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Marjorie Kinnan Rawlings was The Pulitzer Prize winning author of one of the most cherished American classic books “The Yearling,” and is the subject of “The Life She Wished To Live: A Biography of Marjorie Kinnan Rawlings,” written by Ann McCutchan. For us readers who consider ourselves truly Floridian, this newly released biography is written by a Floridian about a Floridian.
McCutchen is also the author of six biographies and a memoir including “Where’s the Moon?: A Memoir of the Space Coast and the Florida Dream,” “The Florida Dream” and “Marcel Moyse: Voice of the Flute,” one of the finest works about this master of the flute, according to Cocoa Beach’s professional flute player Vanita Jones.
About the Book
Author McCutchan was certainly qualified to portray Rawlings’ life as she grew up in Florida, was former editor of the American Literary Review and was founding director of the University of Wyoming’s MFA in creative writing program. She immersed herself in researching Rawling’s correspondence, early writings and memoirs to reveal a life of contrasts and contradictions that even as a high school English teacher, I never knew.
Born in 1896 in Washington, DC, to a father who was a lawyer at the U.S. Patent office, Rawlings won a prize in a writing contest when she was 15 years old for her story, “The Reincarnation of Miss Holly.” Her father loved the out of doors and influenced Rawlings greatly, but Marjorie disliked her own mother from birth. She graduated from the University of Wisconsin where she won many literary contests, edited the literary magazine and met her first husband, Charles Rawlings. As a food lover, she wrote a column in verse for a Gannett newspaper.
When visiting Florida with her husband, they bought a 72-acre orange grove with a dilapidated farm house, sight unseen, with money from an inheritance. Her goal was to live there full-time and write. She blossomed at Cross Creek, ran the grove, taught herself to fish and hunt, and immersed herself in the local dialect of the Florida “crackers” that the poor, swampy community spoke, which outsiders were not familiar with. She fostered her love for local speech, had an eye for detail that had been honed by her early days at the newspaper, threw big dinners serving birds she had shot herself or mallards that she raised.
Rawlings was tough, ambitious and independent, but self-destructive. She swore much and drank heavily even while driving, so much so that she had five serious car accidents, once hitting a mule, killing the animal and destroying her car. She suffered from abdominal pain her whole life due to diverticulitis. She also endured divorce, financial problems, a libel suit and emotional trauma. She even went alligator hunting, lived among moonshiners for a while, and then wrote of them in “South Moon Under.”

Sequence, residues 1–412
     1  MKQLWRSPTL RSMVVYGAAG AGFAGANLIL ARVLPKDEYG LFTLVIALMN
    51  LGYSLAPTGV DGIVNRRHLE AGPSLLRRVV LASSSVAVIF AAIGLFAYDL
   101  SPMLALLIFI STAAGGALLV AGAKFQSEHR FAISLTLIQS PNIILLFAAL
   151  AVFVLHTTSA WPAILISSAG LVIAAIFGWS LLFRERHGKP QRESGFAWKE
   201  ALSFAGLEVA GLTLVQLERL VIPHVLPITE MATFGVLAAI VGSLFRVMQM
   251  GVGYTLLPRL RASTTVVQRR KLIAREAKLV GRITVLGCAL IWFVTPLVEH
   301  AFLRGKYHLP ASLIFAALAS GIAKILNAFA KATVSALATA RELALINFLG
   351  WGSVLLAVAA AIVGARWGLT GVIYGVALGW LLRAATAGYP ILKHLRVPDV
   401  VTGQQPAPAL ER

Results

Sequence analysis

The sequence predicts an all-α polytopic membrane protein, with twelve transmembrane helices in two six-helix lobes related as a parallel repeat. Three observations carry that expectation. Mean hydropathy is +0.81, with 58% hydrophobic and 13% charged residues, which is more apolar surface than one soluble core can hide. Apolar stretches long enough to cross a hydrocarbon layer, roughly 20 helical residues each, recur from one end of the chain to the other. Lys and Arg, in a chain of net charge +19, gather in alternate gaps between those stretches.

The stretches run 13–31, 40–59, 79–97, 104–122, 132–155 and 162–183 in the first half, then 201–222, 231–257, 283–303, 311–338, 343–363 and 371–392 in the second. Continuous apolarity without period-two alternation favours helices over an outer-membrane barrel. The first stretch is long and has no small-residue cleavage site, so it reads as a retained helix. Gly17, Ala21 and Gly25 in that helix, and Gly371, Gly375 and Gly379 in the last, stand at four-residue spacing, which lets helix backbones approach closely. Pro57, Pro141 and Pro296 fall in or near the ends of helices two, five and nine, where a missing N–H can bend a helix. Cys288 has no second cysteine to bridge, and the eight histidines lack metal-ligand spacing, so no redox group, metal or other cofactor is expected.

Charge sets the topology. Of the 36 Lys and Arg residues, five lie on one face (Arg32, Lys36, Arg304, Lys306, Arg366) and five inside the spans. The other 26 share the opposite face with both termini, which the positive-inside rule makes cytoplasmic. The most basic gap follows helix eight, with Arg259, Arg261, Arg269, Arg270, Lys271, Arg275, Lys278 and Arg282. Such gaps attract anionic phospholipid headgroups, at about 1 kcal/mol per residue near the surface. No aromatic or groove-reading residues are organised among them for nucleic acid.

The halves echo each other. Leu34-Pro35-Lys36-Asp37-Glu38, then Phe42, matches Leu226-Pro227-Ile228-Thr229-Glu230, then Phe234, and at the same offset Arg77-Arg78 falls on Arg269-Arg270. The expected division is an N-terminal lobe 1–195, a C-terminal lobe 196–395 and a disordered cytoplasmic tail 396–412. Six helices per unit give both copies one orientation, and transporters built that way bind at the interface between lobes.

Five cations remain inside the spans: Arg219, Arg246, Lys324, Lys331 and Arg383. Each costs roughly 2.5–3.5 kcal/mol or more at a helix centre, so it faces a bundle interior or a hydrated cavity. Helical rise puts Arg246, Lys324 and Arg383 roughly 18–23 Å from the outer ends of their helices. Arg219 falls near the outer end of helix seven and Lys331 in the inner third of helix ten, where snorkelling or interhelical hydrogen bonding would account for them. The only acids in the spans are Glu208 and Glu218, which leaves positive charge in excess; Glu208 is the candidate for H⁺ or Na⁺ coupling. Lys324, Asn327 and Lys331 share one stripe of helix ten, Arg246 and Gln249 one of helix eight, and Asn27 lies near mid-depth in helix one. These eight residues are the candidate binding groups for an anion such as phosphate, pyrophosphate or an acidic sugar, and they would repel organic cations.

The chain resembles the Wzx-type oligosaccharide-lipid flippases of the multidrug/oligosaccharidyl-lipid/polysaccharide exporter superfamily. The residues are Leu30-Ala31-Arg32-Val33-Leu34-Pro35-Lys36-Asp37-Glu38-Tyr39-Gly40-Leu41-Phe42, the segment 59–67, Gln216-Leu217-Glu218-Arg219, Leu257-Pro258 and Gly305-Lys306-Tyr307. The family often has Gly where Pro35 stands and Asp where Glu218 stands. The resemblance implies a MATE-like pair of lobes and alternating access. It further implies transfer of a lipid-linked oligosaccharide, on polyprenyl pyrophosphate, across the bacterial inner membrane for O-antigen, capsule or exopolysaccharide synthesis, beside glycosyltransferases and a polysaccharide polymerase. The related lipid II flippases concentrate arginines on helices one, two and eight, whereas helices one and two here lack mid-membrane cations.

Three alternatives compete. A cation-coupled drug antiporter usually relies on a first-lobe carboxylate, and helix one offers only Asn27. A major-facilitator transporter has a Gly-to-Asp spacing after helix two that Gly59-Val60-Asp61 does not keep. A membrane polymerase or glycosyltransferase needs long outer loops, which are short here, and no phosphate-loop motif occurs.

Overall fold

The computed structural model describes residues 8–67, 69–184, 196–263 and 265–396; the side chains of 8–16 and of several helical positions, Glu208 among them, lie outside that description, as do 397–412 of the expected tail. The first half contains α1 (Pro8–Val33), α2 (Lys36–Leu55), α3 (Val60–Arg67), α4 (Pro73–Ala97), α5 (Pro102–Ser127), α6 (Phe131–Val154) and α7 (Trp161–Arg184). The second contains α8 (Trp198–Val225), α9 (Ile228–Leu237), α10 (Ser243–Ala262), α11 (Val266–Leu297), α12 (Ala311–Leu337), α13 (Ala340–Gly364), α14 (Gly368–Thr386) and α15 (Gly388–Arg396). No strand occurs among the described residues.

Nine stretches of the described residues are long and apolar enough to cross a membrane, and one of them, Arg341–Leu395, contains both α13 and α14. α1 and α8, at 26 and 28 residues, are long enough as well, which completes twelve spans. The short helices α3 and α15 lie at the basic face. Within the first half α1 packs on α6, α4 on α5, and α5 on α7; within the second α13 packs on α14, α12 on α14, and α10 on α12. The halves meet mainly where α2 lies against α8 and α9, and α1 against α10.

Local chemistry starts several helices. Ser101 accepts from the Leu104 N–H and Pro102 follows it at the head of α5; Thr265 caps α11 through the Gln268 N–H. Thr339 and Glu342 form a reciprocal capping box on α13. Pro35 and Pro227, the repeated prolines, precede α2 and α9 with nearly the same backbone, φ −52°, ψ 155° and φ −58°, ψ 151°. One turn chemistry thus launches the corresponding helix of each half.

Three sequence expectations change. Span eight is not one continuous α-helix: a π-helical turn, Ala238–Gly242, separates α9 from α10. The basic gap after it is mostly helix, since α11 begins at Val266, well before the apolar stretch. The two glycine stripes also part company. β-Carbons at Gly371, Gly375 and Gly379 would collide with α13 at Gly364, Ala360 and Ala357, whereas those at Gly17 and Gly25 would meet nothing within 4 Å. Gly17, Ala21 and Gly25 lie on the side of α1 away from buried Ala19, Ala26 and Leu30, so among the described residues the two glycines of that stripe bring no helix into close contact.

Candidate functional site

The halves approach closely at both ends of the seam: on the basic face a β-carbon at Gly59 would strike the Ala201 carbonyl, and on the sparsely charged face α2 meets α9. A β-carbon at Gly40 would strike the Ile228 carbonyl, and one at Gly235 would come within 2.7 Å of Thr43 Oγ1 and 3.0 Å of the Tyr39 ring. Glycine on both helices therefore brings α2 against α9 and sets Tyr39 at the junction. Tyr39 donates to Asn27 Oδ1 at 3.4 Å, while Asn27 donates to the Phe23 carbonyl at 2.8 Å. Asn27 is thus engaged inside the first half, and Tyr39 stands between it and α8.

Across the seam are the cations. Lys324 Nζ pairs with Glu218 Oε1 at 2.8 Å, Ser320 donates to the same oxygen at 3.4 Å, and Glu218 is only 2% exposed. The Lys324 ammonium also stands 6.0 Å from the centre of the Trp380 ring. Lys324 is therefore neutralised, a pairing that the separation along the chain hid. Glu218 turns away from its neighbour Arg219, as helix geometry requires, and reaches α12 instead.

But at the same time that Rawlings relished the wild Florida scene, befriending the locals and showing the racial segregation there, she was absorbing the history, culture, dialects and people of Cross Creek. She discovered this area unbeknownst to most and showed the beauty of wild north central Florida before commercial development and tourism obliterated much of its charm and history.
She wrote, “No man should have proprietary rights over land who does not use that land wisely and lovingly. Cross Creek belongs to the wind and the rain, to the sun and the seasons, to the cosmic secrecy of seed, and beyond all to time. I do not understand how anyone can live without some small place of enchantment to turn to. Here in Florida, the seasons move in and out like nuns in soft clothing, making no rustle in their passing.”
But don’t think she lived like a Florida hermit. At the same time that she was immersed in the culture of this poor, rural area of Florida, she was in touch with the elite New York City editors, writers and high society. How many others could wade through swamps, cope with one’s innermost fears and demons, and then still hold their own with writers like Thomas Wolfe? She fostered relationships with the era’s greats: her famous editor Maxwell Perkins, notable fellow authors Robert Frost, Nora Neale Hurston, Ernest Hemingway and F. Scott Fitzgerald.
She worked very hard at her craft and labored over each sentence because writing meant everything to her. She wrote, “Writing is agony for me. I work at it eight hours every day, hoping to get six pages, but I am satisfied with three.” It was the inspiration she found in the poor, outback region of Cross Creek and her sensitivity to this area that propelled her to write her most well-known novel, “The Yearling,” about a poor central Florida boy and his pet fawn whose father orders him to kill after it ate too much of the family’s badly needed corn.
In this one book, she probed the relationships between men and women, families and individuals in her little corner of Florida and in the rest of America wherein she studied the interconnectivity between humans and nature and all living things.
The book earned her a Pulitzer Prize in 1938 and although considered a classic that was regularly taught in high school English classes, because of some of its racial language, it has fallen out of favor and popularity today.
Her later 1942 book about tending a citrus grove in Florida called “Cross Creek” was released in a special edition sent to servicemen during World War II. Even her friend Nora Neale Hurston wrote to her after publication, “You have written the best thing on negroes of any white writer who has ever lived.” In 2008, the U.S. Postal Service unveiled a stamp in her honor. Her home is now a museum and her land at Cross Creek is a state park. Her tombstone near Island Grove, Florida reads, “Through her writing, she endeared herself to people of the world.”